Sunday, November 6, 2016

"Commonwealth," by Ann Patchett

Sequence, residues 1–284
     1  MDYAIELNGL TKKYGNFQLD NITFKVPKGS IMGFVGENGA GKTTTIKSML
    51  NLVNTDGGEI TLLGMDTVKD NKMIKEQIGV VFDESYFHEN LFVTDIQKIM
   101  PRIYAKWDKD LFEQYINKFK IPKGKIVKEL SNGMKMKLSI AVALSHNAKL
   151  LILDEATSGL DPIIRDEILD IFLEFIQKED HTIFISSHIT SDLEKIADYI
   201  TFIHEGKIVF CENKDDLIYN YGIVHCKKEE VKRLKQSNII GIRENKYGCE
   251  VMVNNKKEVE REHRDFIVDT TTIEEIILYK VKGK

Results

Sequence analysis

If you like beautifully written novels about quirky, dysfunctional but loving families, read the wonderful author (of such novels as “Bel Canto” and “State of Wonder,” the latter of which I posted about on 9/19/11) Ann Patchett’s new novel, “Commonwealth” (Harper, 2016). Really. Read it! Two families are friends; early on in the novel (so this is not a spoiler) the husband in one family and the wife in the other fall in love and get married. The focus is on the six children of the two families, who are now bound together as stepsiblings. They bond but also fight, and live through some very difficult times, sent back and forth between their new sets of parents, sometimes living together and sometimes separately. They resent each other yet cling to each other; they fight yet back each other up. They suffer, some more than others, and there is at least one tragedy. Some of them feel lifelong guilt. But there is much humor and much resilience as well. The novel covers 50 years. We follow the children into adulthood, and among other events, a new crisis is precipitated when a famous author becomes the lover of one of the grown siblings and uses the family story as the basis of his next novel, which becomes a huge bestseller titled “Commonwealth,” just as this real novel with the same title has become a big bestseller (very meta). The plot thickens: Patchett is open about the fact that this novel is very autobiographical; there was a similar set of divorces in her childhood, and she too has stepsiblings. She and those stepsiblings also regularly crossed the U.S. to be with the various parents. So one question the novel raises is that of who owns our stories, and what obligations we have regarding our own and our family’s stories and privacy. Highly recommended!
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